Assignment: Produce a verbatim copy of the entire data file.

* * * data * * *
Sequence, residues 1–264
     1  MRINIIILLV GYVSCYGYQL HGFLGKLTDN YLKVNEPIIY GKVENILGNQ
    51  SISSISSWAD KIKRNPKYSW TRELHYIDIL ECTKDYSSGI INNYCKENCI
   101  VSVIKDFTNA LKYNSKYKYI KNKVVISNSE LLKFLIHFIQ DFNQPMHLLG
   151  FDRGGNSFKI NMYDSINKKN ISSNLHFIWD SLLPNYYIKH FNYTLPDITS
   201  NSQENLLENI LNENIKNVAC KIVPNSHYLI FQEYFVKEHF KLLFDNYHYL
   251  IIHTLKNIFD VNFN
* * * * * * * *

Sequence, residues 1–264
     1  MRINIIILLV GYVSCYGYQL HGFLGKLTDN YLKVNEPIIY GKVENILGNQ
    51  SISSISSWAD KIKRNPKYSW TRELHYIDIL ECTKDYSSGI INNYCKENCI
   101  VSVIKDFTNA LKYNSKYKYI KNKVVISNSE LLKFLIHFIQ DFNQPMHLLG
   151  FDRGGNSFKI NMYDSINKKN ISSNLHFIWD SLLPNYYIKH FNYTLPDITS
   201  NSQENLLENI LNENIKNVAC KIVPNSHYLI FQEYFVKEHF KLLFDNYHYL
   251  IIHTLKNIFD VNFN